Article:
If the parallelogram is drawn accurately to scale, the measured resultant will be approximate as the calculated value.

Triangle Law of Vector

Triangle law of vector states that if two vectors act from a common point, the two vectors can be represented in magnitude and direction by the two sides of a triangle while the third side represents in magnitude and direction.

Definition of Components of A Vector

Component of a vector in a given direction is the effective value of that vector in that direction. The horizontal component of a vector is the effective value of that vector in the horizontal direction while the vertical component of the vector is the effective value of the vector in the vertical direction.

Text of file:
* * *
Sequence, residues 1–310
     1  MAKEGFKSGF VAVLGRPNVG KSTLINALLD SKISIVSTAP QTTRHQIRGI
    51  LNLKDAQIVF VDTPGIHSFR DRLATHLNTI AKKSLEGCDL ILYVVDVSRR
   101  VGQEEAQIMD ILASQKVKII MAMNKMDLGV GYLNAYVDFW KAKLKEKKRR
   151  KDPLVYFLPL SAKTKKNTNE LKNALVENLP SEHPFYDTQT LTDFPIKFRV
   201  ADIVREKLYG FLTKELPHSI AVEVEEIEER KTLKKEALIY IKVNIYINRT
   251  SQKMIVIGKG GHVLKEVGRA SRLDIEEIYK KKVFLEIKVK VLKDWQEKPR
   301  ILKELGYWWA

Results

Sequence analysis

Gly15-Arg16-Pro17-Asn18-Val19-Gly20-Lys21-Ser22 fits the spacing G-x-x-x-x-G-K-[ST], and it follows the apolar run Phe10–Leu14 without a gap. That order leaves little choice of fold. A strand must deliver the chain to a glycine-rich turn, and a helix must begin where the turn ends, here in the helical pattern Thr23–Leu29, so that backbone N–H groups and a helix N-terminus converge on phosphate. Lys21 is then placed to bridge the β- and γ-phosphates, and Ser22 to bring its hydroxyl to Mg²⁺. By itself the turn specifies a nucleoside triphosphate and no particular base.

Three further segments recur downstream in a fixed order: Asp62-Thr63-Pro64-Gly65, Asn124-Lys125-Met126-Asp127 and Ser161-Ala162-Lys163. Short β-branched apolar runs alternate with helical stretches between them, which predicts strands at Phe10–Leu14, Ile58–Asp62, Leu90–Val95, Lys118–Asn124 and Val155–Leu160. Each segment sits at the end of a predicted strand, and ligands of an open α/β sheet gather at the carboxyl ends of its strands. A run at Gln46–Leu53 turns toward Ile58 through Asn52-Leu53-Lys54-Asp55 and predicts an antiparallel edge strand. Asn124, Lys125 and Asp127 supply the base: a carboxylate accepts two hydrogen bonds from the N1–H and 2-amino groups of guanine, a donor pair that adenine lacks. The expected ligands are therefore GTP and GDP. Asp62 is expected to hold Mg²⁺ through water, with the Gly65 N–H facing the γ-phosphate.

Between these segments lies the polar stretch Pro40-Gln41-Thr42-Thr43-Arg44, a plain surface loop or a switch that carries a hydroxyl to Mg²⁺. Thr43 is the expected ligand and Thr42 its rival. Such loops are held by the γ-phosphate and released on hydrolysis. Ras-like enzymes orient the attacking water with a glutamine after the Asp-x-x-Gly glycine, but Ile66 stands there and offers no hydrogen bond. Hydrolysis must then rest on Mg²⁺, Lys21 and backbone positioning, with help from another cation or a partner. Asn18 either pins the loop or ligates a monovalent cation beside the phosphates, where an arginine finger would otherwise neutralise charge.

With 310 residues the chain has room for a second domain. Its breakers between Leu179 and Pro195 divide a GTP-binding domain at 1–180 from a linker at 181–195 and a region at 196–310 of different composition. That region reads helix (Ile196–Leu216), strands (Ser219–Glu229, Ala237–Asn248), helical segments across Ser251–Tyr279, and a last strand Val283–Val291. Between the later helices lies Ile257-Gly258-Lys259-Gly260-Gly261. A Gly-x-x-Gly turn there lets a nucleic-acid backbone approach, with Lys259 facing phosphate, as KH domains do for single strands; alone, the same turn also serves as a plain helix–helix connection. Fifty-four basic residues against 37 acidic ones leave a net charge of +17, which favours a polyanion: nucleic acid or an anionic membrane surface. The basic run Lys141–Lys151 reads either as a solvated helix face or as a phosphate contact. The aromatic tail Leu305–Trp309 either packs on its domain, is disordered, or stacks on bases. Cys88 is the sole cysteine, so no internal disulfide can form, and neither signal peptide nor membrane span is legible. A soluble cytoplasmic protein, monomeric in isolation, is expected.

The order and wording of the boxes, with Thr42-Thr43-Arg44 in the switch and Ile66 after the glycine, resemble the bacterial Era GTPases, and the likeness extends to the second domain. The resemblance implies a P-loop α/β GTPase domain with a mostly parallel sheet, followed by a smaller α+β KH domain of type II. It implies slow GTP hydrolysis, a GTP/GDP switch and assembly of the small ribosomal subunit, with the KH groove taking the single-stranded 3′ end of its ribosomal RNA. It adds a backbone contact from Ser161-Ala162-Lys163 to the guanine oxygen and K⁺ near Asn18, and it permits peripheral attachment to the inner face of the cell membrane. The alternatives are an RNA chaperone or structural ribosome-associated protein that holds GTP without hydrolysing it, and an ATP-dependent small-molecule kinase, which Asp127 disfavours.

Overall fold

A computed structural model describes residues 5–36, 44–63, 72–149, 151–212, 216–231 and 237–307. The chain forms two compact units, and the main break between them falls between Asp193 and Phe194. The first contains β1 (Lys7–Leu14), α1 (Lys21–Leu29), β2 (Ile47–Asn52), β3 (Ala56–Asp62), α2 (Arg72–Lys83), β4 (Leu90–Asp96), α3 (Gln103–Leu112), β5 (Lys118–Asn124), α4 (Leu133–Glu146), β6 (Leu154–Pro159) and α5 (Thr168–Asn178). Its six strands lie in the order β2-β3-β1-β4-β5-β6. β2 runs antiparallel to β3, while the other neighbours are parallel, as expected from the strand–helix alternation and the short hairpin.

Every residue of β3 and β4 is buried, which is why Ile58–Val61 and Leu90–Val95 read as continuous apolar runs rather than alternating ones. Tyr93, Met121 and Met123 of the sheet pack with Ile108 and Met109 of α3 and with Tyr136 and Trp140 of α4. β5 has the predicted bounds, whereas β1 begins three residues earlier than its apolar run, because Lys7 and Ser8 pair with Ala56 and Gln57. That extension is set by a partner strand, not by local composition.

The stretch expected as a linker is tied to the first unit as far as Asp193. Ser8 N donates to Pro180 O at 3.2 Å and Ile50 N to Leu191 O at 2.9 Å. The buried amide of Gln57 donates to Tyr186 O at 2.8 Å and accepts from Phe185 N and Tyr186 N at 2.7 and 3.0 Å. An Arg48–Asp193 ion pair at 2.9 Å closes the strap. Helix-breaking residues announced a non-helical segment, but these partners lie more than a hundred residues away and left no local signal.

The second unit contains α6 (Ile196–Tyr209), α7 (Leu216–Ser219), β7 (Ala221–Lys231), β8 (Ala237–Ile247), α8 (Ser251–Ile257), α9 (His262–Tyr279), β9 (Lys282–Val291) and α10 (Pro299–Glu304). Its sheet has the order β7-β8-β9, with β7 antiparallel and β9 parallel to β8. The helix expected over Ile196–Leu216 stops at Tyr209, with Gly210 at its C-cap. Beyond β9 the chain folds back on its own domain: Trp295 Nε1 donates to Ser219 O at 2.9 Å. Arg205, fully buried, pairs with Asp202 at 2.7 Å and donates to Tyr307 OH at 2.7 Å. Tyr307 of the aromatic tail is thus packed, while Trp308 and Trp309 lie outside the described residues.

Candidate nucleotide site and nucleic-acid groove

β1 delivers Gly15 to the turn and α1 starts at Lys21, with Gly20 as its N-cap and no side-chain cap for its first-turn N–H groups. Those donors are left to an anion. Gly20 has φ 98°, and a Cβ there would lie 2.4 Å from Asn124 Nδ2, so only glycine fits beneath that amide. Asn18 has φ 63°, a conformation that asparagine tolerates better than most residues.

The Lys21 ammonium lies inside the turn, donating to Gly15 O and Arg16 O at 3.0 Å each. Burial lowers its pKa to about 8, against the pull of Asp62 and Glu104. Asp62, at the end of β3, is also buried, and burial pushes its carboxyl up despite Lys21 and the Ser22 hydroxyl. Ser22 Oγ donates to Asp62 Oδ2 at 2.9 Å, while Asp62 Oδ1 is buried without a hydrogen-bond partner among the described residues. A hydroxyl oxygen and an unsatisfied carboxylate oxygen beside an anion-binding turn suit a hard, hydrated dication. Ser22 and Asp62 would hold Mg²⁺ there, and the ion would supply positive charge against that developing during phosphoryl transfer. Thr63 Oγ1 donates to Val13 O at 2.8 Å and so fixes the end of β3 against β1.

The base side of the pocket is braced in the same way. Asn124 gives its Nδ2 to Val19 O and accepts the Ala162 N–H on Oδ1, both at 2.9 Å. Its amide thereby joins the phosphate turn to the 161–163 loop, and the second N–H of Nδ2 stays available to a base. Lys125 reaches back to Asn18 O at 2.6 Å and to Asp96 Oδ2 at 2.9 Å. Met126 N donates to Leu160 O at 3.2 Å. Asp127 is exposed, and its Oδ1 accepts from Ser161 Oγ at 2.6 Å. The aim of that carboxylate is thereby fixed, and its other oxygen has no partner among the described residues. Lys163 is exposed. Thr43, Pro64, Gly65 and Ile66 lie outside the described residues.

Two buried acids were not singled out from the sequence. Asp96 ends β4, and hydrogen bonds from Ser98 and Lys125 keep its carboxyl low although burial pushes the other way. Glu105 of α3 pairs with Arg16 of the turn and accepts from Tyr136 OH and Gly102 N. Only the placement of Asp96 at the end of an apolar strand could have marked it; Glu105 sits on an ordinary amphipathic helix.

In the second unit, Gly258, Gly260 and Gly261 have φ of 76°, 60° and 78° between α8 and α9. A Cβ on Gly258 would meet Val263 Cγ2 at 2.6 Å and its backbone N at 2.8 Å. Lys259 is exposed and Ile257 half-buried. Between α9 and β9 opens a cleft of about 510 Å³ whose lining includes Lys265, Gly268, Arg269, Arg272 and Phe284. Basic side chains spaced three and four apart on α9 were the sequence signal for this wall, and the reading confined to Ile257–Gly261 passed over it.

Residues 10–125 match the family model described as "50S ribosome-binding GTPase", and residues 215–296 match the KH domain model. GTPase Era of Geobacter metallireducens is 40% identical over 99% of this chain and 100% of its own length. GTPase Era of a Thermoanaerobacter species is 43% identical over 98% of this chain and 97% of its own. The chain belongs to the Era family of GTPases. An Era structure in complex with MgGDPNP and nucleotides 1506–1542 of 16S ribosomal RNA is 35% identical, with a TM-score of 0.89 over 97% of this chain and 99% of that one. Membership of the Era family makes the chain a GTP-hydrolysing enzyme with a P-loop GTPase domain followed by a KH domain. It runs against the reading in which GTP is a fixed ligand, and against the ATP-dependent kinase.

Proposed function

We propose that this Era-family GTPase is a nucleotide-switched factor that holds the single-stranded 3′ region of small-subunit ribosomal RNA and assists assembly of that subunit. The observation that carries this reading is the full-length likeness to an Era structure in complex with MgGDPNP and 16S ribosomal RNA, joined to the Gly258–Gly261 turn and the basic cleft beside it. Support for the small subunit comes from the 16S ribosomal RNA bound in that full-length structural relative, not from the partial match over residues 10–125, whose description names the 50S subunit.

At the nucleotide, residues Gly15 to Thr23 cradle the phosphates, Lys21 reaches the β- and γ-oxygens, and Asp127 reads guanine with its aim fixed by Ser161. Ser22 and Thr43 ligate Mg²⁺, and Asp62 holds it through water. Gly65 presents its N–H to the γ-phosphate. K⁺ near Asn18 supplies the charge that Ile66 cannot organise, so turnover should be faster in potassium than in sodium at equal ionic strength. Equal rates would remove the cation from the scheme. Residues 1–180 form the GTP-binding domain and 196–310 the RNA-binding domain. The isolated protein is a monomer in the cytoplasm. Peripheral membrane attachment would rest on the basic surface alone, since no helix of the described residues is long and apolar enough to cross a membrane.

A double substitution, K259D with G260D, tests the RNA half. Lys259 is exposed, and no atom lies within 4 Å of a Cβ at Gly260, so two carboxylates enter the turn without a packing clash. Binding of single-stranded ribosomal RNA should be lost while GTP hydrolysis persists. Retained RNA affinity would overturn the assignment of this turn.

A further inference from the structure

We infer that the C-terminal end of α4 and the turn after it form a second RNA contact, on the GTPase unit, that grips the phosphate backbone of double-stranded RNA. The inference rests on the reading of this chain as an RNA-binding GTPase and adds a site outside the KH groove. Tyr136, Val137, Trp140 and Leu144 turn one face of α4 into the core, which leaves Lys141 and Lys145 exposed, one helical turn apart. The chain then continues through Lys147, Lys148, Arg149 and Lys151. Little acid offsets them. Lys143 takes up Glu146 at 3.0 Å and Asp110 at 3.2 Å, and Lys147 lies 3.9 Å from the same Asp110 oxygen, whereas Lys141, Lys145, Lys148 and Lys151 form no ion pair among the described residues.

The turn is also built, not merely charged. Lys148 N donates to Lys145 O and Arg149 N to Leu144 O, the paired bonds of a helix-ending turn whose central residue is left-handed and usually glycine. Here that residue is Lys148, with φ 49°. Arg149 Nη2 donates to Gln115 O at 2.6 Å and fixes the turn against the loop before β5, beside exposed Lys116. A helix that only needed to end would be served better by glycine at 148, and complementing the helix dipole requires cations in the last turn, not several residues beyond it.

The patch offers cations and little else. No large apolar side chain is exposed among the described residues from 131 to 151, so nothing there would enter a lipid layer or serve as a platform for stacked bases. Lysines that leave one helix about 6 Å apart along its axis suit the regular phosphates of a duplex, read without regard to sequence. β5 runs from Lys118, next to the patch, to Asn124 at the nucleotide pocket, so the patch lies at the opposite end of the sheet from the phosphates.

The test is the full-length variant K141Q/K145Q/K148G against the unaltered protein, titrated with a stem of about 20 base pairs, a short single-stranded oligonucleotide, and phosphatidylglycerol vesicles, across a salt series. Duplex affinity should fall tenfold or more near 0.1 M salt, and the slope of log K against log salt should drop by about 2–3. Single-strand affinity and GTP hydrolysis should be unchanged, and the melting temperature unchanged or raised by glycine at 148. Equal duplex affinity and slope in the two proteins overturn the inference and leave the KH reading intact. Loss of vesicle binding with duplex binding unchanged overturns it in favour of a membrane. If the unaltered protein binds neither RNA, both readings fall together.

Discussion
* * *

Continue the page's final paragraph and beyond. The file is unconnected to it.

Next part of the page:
WORKED EXAMPLES

(1) A force of 23 N acts at an angle of 60° to the horizontal. Calculate the components of the vector.

SOLUTION

aa

Data given in the question:

Force F = 32N,

Angle aa = 60°

Vertical component Fy:

Fy = F x Sin aa

Substitution:             Fy = 32 x Sin 60°

Fy = 32 x 0.8660

Fy = 27.712N

Horizontal Component Fx:

Fx = F x Cos aa

Substitution:             Fx = 32 x Cos 60°

Fx = 32 x 0.5

Fx = 16N

(2) The vertical component of a force F is 12 N. If the angle which the force makes with the vertical is 30°, calculate the value of F and the horizontal component of the force.

SOLUTION
Force F:

Data given in the question:

F = Unknown,

Angle aa = 30°

Vertical component Fy = 12N.

Fy = F x Sin 30°

Substitution:         12 = F x Sin 30°